Alem Bekagn: A History
The African Union’s new headquarters and conference hall are built upon the site of Ethiopia’s former central prison, known locally as Alem Bekagn ‘farewell to the world’. There are different stories for how Alem Bekagn earned its name, but all agree that it was the citadel of oppression for successive Ethiopian dictatorships—Fascist-colonial, imperial and communist.
Alem Bekagn was a squat octagonal building with two tiers of cells opening onto a courtyard, the first prison in the country to be constructed along modern lines. Some accounts suggest it was built as early as 1923, under the rule of Empress Zewditu, but it was in 1937 under Italian occupation, that it became notorious. The Fascist governor of Ethiopia, General Rodolfo Graziani, detained and executed the cream of the country’s intelligentsia at Alem Bekagn, a massacre which spread across the country eventually killing an estimated 30,000 people.
After the restoration of Emperor Haile Selassie in World War Two, it was in Alem Bekagn that political dissidents and revolutionaries were detained. Within its walls, students who led the Eritrean nationalist movement, the Tigrayan rebellion, and the Ethiopian revolution itself, conducted debates and seminars. Haile Selassie’s students dreamed of a new Ethiopia, and in Alem Bekagn some grew in determination to make their imaginings real.
In 1974, Haile Selassie was overthrown, but the Provisional Military Administrative Committee, known as the Dergue, displayed its violence just two months later, summarily executing sixty ministers from the previous imperial government at Alem Bekagn burying them on the prison grounds. The Red Terror of 1977-78 soon followed, and Alem Bekagn became the epicenter for the destruction of a generation of young Ethiopians by execution, torture and imprisonment – in Addis Ababa alone more than ten thousand were murdered. Thousands passed through the prison gates: student radicals were incarcerated along with imprisoned royals and feudal lords, Eritrean nationalists, Somali and Oromo separatists, and anyone else suspected of being an enemy of the Dergue. Later they were joined by some who had initially backed the military regime, including the architects of universal literacy and of land reform.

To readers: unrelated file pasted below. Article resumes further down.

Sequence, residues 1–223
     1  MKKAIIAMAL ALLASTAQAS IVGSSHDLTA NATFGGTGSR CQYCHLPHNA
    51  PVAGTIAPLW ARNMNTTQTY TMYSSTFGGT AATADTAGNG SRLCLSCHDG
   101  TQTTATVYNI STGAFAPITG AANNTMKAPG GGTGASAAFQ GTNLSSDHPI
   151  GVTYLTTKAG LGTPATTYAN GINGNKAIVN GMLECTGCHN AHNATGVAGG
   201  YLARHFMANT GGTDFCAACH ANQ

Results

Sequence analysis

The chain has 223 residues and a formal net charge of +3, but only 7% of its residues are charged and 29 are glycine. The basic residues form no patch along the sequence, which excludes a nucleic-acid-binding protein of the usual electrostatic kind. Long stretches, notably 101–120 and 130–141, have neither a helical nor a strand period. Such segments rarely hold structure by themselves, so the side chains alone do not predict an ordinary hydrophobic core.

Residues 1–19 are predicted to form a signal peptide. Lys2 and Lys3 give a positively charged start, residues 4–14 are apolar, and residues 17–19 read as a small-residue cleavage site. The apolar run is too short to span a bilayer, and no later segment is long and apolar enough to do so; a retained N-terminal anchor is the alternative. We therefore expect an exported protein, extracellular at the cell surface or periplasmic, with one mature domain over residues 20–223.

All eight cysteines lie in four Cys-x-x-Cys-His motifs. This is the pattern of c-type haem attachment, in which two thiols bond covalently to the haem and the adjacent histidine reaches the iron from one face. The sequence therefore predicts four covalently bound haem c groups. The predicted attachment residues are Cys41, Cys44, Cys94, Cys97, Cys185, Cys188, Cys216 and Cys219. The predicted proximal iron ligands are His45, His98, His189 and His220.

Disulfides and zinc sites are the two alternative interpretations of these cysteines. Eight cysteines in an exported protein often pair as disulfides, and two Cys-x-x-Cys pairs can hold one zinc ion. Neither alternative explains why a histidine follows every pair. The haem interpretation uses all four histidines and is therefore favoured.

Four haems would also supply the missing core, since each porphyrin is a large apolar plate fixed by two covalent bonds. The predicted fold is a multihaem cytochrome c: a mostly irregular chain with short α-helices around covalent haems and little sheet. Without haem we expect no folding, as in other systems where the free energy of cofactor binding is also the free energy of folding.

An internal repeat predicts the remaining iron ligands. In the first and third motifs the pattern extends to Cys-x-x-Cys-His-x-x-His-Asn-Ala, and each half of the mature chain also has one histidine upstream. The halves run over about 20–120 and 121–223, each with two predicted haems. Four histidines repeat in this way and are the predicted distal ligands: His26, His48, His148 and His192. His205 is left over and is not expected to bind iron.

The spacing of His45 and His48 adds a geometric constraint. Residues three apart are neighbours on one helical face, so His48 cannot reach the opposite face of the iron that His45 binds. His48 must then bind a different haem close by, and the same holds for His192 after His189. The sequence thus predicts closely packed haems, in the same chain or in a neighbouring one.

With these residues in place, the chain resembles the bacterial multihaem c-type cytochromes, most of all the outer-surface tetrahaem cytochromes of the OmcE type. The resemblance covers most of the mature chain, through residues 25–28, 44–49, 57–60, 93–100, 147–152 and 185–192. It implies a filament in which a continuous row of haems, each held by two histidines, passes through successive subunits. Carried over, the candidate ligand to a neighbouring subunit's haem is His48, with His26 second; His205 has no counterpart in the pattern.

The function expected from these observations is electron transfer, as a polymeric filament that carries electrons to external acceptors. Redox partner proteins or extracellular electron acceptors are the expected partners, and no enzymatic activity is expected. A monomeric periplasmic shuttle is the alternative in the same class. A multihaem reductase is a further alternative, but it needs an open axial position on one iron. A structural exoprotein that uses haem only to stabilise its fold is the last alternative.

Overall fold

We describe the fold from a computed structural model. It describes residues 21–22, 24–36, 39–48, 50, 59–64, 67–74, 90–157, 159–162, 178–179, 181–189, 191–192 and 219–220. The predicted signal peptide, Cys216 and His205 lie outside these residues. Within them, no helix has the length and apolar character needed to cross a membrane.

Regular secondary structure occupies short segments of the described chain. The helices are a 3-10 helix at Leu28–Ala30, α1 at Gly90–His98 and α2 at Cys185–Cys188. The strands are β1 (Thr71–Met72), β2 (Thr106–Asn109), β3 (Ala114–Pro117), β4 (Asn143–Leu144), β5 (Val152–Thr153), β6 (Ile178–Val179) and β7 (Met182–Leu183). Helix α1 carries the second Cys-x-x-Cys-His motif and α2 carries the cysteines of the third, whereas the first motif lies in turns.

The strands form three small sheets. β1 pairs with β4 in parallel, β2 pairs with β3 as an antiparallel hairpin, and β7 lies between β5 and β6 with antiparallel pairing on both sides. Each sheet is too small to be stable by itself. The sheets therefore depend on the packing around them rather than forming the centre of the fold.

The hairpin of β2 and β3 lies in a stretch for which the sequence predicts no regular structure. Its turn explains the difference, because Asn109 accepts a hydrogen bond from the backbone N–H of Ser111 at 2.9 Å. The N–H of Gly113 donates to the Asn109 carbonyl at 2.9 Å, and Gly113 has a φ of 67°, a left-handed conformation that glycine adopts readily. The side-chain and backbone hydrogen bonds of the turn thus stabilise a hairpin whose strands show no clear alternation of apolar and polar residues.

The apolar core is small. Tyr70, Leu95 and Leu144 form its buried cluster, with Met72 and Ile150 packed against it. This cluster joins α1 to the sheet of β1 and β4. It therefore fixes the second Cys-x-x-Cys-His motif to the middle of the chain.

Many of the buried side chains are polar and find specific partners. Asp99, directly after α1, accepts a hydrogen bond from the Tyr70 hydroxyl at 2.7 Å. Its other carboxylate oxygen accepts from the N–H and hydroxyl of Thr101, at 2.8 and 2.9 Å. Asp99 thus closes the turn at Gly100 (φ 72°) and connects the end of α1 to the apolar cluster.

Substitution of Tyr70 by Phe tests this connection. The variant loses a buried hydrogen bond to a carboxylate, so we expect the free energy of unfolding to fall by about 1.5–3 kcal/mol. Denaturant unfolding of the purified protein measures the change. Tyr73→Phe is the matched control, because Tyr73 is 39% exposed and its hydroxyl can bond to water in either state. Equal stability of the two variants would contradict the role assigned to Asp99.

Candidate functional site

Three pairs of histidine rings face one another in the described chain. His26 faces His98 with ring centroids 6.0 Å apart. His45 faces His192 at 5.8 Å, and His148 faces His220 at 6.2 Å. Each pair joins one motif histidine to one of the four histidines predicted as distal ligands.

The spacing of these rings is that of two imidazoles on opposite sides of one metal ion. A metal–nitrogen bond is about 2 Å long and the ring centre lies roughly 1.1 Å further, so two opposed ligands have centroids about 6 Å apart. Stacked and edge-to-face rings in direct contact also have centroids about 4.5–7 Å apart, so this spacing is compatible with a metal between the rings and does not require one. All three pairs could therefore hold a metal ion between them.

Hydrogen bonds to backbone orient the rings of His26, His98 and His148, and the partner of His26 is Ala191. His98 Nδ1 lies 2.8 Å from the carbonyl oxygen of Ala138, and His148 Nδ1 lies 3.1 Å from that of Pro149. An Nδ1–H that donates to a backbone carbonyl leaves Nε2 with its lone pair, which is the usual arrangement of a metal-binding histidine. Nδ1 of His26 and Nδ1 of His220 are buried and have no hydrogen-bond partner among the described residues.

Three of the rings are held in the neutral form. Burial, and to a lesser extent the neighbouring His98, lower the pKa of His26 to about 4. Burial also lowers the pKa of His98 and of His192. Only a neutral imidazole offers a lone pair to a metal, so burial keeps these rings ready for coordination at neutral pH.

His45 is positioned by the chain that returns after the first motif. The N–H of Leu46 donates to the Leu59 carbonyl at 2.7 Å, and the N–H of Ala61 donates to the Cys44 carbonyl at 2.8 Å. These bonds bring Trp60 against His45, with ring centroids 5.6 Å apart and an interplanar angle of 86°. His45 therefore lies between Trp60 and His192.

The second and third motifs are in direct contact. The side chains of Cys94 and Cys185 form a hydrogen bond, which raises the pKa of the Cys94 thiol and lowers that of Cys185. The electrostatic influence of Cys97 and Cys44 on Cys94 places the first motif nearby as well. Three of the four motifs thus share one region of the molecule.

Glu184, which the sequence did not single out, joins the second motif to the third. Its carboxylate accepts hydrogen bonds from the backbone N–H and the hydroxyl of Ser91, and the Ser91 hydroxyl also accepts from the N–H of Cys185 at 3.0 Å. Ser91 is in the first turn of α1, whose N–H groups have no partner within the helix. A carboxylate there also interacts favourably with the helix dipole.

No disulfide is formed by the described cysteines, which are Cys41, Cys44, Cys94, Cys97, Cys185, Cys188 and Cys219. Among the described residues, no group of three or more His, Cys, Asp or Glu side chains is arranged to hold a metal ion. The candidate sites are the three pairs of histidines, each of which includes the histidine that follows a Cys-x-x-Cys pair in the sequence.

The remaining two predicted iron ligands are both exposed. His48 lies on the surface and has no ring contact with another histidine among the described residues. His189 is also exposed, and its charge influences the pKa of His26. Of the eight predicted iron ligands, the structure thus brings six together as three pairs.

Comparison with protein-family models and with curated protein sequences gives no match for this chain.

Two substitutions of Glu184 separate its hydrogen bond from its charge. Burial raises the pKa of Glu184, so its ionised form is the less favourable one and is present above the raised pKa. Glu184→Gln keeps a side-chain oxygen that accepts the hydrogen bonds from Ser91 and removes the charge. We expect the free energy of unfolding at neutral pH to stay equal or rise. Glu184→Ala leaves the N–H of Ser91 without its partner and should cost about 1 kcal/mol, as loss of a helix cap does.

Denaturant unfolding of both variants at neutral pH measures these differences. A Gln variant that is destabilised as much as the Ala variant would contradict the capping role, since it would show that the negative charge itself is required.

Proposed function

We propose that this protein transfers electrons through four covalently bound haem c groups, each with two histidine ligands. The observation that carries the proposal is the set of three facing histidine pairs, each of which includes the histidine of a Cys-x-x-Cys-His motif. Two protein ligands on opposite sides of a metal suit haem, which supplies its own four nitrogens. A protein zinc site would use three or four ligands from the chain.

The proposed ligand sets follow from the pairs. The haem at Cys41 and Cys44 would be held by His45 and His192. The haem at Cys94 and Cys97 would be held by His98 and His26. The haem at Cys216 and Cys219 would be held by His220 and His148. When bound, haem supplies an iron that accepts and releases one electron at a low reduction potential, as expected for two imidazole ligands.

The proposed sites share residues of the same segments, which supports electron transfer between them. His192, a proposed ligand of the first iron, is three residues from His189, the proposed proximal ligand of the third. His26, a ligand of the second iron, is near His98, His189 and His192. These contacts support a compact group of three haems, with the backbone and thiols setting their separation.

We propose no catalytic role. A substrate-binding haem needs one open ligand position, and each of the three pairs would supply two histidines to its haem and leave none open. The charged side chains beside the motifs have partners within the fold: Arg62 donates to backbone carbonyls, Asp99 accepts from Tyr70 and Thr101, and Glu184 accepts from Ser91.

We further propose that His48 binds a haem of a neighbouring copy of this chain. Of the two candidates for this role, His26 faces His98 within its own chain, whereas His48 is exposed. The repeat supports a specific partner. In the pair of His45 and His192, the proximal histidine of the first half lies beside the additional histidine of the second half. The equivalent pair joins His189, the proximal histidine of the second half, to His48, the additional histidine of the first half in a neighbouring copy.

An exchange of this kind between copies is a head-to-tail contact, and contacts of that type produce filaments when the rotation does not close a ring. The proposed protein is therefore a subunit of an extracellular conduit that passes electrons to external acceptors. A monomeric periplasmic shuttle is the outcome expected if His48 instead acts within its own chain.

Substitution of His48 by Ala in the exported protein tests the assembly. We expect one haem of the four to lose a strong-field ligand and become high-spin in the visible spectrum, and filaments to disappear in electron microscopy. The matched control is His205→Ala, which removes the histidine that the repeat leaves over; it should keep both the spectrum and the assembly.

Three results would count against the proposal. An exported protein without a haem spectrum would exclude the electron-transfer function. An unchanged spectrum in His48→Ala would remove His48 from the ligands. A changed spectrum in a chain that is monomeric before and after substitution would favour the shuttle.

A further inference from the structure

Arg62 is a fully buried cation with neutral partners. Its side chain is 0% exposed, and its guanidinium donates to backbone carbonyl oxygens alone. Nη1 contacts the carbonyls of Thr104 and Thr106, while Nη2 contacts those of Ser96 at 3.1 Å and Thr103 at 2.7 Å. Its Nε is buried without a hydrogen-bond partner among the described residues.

Under the Dergue, the number of prisoners rose to 1300; the overcrowding made harsh conditions worse. This was a maximum security prison: prisoners were under close surveillance, including by two machine guns trained on the cells. Due to its design, prisoners could see nothing but the sky from the courtyard. Former prisoners and their family members recall being allowed one visit each week, when the prisoners, were led out to the fence outside the building gate, but within the compound, where their wives and children were lined up behind another fence, about four feet away. Messages had to be shouted over the din, and food could be passed across; those whose relatives could not visit suffered most from a lack of provisions. Life was especially precarious during the rainy season: prisoners in cells lay on cold ground, some without mattresses, and the rain soaked their blankets; others slept on the veranda or in the open, covered only with a plastic sheet.
Over the years, hundreds, possibly thousands, were executed in Alem Bekagn or died of illness or the wounds of torture. Other prisoners were released, often after spending years without charge. One escaped and fled across the alleyway to the OAU compound seeking refuge, from where he was handed back. Members of the royal family, including Princess Tenagnewerk, spent fifteen years inside Alem Bekagn, until they were released following an international campaign. Another released detainee was a child of thirteen—born and brought up inside the prison.